What is octet-stream?


#1

Under: Content Type Breakdown is are:
empty - I think this is like 301,404,410… Server request
but what is octet-stream?
My first idea was a pdf but the request are to high. I don’t have any file like audi or video files on my server.


#2

As far as i know application/octet-stream is sent with the header and is also used when there are files with an unknown format or missing file extension. This could also happen when downloading MS Word documents for example

Then it’s your browsers decision how to handle this file.


#3

I would gladly answer, but people did it better than I could ever do so:

A MIME attachment with the content type “application/octet-stream” is a binary file. Typically, it will be an application or a document that must be opened in an application, such as a spreadsheet or word processor. If the attachment has a filename extension associated with it, you may be able to tell what kind of file it is. A .exe extension, for example, indicates it is a Windows or DOS program (executable), while a file ending in .doc is probably meant to be opened in Microsoft Word.
No matter what kind of file it is, an application/octet-stream attachment is rarely viewable in an email or web client. If you are using a workstation-based client, such as Thunderbird or Outlook, the application should be able to extract and download the attachment automatically. After downloading an attachment through any of these methods, you must then open the attachment in the appropriate application to view its contents.
Before opening attachments, even from trusted senders, you should follow the guidelines listed in Tips for staying safe online.
In addition to the generic application/octet-stream content type, you may also encounter attachments that have different subtypes (e.g., application/postscript, application/x-macbinary, and application-msword). They are similar to application/octet-stream, but apply to specific kinds of files.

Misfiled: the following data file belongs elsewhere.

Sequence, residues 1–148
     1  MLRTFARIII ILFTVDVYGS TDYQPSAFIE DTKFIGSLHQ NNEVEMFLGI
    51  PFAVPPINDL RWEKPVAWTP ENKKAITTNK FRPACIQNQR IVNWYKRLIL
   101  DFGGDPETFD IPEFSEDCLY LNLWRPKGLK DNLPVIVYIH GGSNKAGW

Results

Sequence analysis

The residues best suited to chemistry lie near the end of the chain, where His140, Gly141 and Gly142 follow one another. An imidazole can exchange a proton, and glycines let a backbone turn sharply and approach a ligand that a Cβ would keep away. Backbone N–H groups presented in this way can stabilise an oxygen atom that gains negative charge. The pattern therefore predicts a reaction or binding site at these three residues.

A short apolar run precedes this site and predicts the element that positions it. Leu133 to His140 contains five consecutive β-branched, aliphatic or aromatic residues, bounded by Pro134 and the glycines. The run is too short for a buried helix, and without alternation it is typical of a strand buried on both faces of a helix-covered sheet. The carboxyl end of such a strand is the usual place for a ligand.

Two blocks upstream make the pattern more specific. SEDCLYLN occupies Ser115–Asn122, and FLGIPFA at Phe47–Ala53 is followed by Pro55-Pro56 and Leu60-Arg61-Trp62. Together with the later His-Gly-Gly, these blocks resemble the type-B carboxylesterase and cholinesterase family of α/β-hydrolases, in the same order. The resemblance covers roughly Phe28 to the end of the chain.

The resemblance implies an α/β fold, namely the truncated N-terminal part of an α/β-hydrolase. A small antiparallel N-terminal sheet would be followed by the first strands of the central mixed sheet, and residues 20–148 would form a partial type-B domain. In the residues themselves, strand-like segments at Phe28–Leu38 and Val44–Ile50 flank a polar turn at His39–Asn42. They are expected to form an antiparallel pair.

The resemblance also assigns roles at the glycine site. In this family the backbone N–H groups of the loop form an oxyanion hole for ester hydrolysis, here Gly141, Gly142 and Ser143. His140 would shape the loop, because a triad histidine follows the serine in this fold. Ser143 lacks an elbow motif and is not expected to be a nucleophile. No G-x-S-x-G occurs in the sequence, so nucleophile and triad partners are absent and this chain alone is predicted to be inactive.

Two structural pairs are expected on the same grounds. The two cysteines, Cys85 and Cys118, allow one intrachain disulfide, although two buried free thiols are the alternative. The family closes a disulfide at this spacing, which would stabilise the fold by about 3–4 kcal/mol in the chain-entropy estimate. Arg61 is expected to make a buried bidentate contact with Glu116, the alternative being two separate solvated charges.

— Indiana University, https://kb.iu.edu/d/agtj


#4

I found the Problem.
All unknown file formats in a appache server are streamed by octet-stream.
pdf an ico was unknown. So I added:

AddType image/webp .webp
AddType application/pdf .pdf
AddType image/x-icon .ico

So the octet-stream counter in analytics goes down and this file formats are show now right.


#5

Thanks for following up with that info… satisfied my ‘learn something new every day’ requirement early today! :smiley:


#6

@cscharff , thx for you replay. So I will go in detail. Here my other Post.
My default setting for header file type on the Apache server (by my Provider, Apache I don’t know) was:

  • pdf no Header Type (Content-type)
  • webp text/plain
  • ico text/plain

So there was two problem.

  1. pdf with no header content-type was sending by octet stream. I don’t know what is mean in effect. After add pdf to the filetype the octet stream switch to other in Analytics (pdf not suport by analytics)
  2. webp and ico was send as text/plain. There was a big problem. Cloudflare compress text/plain with Brotli. Its a bad thing compress images.

My first question was will Clodflare cache the compressed or uncompressed version of this file. I think he cache the uncompress version. Why, I think it? A view in the Search console (old Webmaster Tools) show me the folow graph Time spent downloading a page (in milliseconds) after I enabled webp for images:

webp

Comment to the graph. Add Webp Q4 of April. I don’t purge the hole cache. My cache is one month. After add the line

AddType image/webp .webp
AddType application/pdf .pdf

to the Apache Server (Begin May), the download time goes back to normal time. I think while Clodflare stops compress this files.

If someone from Clodflare read here, here two nice feature.
Add two checkboxed to the speed tab:

  1. corect wrong content-type header like webp. So you and your customer save performance and speed, by don’t compress files like webp, pdf images etc, if the filetype are wrong. Here a nice list of filestype.
  2. add file types where no content-type header is set for known file types. I don’t know the benefits, but hey… its good coding :wink:

Bernd